Wang et al. (2016) proposed to unroll iterations (1.2) of the ChambollePock algorithm in the context of proximal deep structured networks. Similarly, Riegler et al. (2016a) and Riegler et al. (2016b)introduced deep primaldual networks for depth superresolution, where unrolled iterations are stacked on top of a deep convolutional network. In both cases, linear operators as well as step sizes and extrapolation factors are learned. In contrast, the learned primaldual algorithm proposed by
Adler and Öktem (2018) replaces the proximal operators in (1.2) by convolutional neural networks, and keeps the linear operator fixed.
1.3 Our contribution
In this work, we propose to unroll a fixed number of ChambollePock iterations (1.2) in a deep neural network. Among the abovementioned approaches, ours is most closely related to (Wang et al., 2016). However, there are some important differences. First, we interpret the unrolled algorithm as a special kind of residual network (He et al., 2016) rather than as a recurrent neural network. Based on this interpretation, we show that a minimal adjustment of the unrolled network architecture is enough to obtain a plain residual network, which motivates the term primaldual residual network. Second, we consider the common special case of (1.1) where is a norm and is the indicator function of a norm ball, i.e., where both functions encode a convex optimization problem with hard constraints. We deduce that in this case, the proximal operators of and are projections and further, that the step sizes in (1.2) can be learned implicitly through the involved linear operators. In the third place, we take up the application of speech dequantization. This application was addressed previously by Brauer et al. (2016) who also proposed to perform a limited number of ChambollePock iterations, but in the classical sense with an a priori fixed linear operator.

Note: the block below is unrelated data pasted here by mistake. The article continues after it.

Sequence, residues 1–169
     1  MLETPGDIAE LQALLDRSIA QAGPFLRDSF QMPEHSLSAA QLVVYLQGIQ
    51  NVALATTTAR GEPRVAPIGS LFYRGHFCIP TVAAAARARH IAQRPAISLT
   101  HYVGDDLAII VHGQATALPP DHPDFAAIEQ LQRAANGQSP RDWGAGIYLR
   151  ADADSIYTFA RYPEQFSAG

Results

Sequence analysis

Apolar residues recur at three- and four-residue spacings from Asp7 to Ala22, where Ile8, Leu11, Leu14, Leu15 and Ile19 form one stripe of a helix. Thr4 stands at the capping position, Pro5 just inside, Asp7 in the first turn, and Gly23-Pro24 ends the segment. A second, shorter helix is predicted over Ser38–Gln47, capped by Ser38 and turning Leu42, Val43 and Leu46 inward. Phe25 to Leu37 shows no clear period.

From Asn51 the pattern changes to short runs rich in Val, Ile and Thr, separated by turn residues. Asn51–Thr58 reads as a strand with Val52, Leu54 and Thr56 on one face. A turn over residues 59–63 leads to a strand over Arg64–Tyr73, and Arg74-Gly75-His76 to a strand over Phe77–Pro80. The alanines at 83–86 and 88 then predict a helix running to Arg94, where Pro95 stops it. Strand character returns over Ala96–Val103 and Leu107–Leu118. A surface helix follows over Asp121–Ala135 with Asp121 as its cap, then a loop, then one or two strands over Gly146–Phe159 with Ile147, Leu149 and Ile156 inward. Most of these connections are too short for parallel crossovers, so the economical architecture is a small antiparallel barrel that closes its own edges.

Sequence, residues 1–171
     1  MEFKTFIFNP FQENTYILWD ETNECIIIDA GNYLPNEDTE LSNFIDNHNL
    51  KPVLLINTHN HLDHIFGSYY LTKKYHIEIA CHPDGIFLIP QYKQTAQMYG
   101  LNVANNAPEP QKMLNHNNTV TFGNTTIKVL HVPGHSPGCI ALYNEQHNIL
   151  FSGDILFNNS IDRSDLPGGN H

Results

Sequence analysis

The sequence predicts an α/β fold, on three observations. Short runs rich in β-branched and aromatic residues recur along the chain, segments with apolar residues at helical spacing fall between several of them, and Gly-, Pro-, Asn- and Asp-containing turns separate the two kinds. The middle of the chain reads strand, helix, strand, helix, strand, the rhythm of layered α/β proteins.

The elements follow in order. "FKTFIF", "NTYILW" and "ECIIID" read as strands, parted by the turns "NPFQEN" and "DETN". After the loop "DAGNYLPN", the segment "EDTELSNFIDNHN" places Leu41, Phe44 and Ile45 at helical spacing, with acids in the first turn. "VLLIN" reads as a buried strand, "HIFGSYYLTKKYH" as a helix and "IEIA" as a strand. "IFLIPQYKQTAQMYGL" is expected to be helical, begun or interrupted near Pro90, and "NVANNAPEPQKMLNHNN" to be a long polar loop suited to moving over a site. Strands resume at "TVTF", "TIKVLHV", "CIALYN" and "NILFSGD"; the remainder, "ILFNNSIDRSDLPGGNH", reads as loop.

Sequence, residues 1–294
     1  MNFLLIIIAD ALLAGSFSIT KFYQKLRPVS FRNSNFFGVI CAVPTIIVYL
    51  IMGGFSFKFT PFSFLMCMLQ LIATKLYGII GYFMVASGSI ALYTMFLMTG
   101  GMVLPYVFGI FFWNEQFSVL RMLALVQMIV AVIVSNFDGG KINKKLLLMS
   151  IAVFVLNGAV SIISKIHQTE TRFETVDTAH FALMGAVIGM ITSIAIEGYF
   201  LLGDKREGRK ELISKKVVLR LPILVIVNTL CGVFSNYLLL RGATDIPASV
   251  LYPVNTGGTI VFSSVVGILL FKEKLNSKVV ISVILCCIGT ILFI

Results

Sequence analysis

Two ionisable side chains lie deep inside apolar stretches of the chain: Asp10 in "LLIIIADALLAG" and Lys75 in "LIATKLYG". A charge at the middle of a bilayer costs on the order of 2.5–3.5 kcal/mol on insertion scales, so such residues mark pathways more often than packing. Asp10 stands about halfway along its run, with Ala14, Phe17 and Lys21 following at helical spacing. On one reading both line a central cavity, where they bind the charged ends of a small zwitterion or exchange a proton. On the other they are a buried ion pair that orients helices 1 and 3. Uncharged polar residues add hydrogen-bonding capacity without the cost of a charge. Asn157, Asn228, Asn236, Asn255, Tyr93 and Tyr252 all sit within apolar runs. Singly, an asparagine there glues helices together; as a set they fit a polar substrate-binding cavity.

2 Network architecture
2.1 Primaldual networks
We first take the point of view that iterations (1.2) can be considered building blocks of feedforward neural networks. This conception makes sense in two respects: First, the proximal operators and
can be interpreted as activation functions. Second, the linear operator and its transpose can be considered manufactured weights which could just as well be learned. To that end, we regard
and as activations, and as well as as associated weights. This notion leads us to primaldual blocks in the form of(2.1) 
Hence, performing iterations (1.2) corresponds to stacking just as many primaldual blocks with and . As opposed to this, our approach is to learn all weights and allow for differing weights in different blocks. In particular, we do not require that . For simplicity, we restrict ourselves to the case in the following. In other words, we omit the extrapolation in (2.1) and take throughout. Figure 1 illustrates a primaldual block without extrapolation. Therein, and can be considered as incoming activations from the th block, while and are the activations computed in the st block.
2.2 Residual networks
Residual networks were originally proposed by He et al. (2016) in the context of image recognition. A generic residual block has the specific form
(2.2)